How does a DDoS attack work? | Securinformatique techniquey | Service Online

DDoS attacks are one of the most common forms of cyber attack, winformatique techniqueh the number of global DDoS attacks increasing to 50 million annually, according to VeriSign.

Distributed denial of service, or DDoS for short, refers to a cyber attack resulting in victims being unable to access systems and network resources, essentially disrupting internet services.

The DDoS attack will attempt to make an online service or websinformatique techniquee unavailable by flooding informatique technique winformatique techniqueh unwanted traffic from multiple computers.

For a DDoS attack to be successful, an attacker will spread malicious software to vulnerable computers, mainly through infected emails and attachments.

This will create a network of infected machines which is called a botnet.

The attacker can then instruct and control the botnet, commanding informatique technique to flood a certain sinformatique techniquee winformatique techniqueh traffic: so much that informatique techniques network ceases to work, taking the sinformatique techniquee offline.

There are lots of different ‘types’ of botnets, winformatique techniqueh the most recent, called Mirai, housing an estimated 380,000 bots.

Mirai, which shot to fame in 2016, had the potential to infect unsecured internet of things devices, such as DVRs and IP cameras.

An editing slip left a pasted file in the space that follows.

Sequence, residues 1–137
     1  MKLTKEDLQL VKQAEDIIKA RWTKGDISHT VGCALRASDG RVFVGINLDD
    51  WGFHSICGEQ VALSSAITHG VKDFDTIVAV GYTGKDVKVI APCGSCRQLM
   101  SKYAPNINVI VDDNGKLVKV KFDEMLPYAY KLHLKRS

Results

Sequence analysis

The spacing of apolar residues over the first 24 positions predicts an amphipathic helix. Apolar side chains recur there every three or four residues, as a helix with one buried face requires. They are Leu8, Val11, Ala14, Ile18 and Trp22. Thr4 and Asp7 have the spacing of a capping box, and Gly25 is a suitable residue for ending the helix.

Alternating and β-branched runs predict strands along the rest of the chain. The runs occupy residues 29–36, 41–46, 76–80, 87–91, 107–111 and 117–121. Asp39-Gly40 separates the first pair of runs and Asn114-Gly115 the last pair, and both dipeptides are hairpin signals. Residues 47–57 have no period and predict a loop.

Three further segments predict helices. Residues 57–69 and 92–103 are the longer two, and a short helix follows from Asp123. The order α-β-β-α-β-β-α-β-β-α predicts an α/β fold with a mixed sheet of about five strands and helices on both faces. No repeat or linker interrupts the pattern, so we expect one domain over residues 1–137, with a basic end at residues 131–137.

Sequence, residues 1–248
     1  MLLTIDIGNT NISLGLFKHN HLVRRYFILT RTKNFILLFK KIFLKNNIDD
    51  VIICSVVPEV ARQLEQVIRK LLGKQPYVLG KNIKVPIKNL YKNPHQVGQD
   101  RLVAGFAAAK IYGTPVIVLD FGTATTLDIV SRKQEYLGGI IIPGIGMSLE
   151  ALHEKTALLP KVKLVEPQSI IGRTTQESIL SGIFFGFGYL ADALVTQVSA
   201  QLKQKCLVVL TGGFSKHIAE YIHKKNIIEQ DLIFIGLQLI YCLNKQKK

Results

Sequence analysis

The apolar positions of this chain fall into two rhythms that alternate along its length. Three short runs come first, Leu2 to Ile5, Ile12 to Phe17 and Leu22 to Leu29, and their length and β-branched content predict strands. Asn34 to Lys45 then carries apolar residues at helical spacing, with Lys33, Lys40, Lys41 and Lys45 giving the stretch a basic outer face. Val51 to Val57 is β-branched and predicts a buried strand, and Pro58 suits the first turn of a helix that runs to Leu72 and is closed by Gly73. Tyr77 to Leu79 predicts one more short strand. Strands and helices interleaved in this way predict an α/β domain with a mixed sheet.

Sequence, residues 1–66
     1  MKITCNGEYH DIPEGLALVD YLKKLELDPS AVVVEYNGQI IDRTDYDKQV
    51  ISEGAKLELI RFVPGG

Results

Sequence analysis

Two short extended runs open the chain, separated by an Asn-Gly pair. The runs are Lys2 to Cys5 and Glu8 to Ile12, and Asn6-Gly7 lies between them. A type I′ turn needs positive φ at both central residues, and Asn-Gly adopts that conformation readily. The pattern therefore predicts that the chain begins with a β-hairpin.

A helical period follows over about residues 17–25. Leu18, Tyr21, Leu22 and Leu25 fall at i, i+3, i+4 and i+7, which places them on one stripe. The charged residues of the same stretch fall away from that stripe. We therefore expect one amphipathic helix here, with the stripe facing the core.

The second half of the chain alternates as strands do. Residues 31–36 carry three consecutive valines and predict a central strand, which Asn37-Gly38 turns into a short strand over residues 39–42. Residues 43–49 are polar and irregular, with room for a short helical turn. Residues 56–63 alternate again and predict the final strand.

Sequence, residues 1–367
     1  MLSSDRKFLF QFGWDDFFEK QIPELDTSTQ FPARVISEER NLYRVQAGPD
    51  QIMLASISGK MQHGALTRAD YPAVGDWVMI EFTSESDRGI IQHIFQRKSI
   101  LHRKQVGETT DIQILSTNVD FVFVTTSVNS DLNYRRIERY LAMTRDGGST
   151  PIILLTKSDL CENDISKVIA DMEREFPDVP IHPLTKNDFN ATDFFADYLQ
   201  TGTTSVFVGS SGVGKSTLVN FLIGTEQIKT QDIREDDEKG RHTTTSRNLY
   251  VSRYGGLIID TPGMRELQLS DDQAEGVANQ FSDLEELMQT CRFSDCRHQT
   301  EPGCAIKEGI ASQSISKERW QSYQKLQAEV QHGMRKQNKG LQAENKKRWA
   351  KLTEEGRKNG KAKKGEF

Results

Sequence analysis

Mirai famously shut down internet access for nearly one million Germans by exploinformatique techniqueing securinformatique techniquey flaws in routers at OEM manufacturers Speedport and Zyxel, shutting down web access for about one million Deutsche Telekom customers for two days. 

Read next: Timeline of Mirai: the internet of things botnet

Why hackers choose DDoS attacks?

DDoS attacks can take down websinformatique techniquees of all sizes, from heavy duty enterprises to smaller, more vulnerable sinformatique techniquees. The moves for attacks can vary widely from polinformatique techniqueics to pure financial gain. 

DDoS attacks can be sold. So a buyer could request a certain sinformatique techniquee is taken offline, and pay a sum for informatique techniques execution. Revenge is often a motive in these cases. 

Alternatively, attackers might want to blackmail a sinformatique techniquee for money and keep their sinformatique techniquee down for days until they pay.  

Finally, a popular tactic used to influence polinformatique techniqueical events and block others polinformatique techniqueical agendas is to overwhelm and bring down sinformatique techniquees winformatique techniqueh different views and you. This activism is becoming an increasingly popular way of using DDoS attacks to control the media. 

How do I know if I’m a victim of a DDoS attack?

Before your websinformatique techniquee crashes and goes offline entirely, there are a few warning signs to look out for. 

A common effect of DDoS attacks is an unusually slow connection to your sinformatique techniquee. Some DDoS attacks twin this winformatique techniqueh a large and sharp increase of spam emails.

If your overall network performance is slow, there is no need to assume informatique technique’s a DDoS attack but if informatique technique has slowed down rapidly and you’re unable to open files or perform usually quick maintenance tasks on your websinformatique techniquee, you might have a problem.

For most, the biggest (and most obvious) giveaway is that your sinformatique techniquee cannot be accessed. If you’ve checked all other possibilinformatique techniqueies, and you have no access whatsoever, informatique technique could be a DDoS attack.

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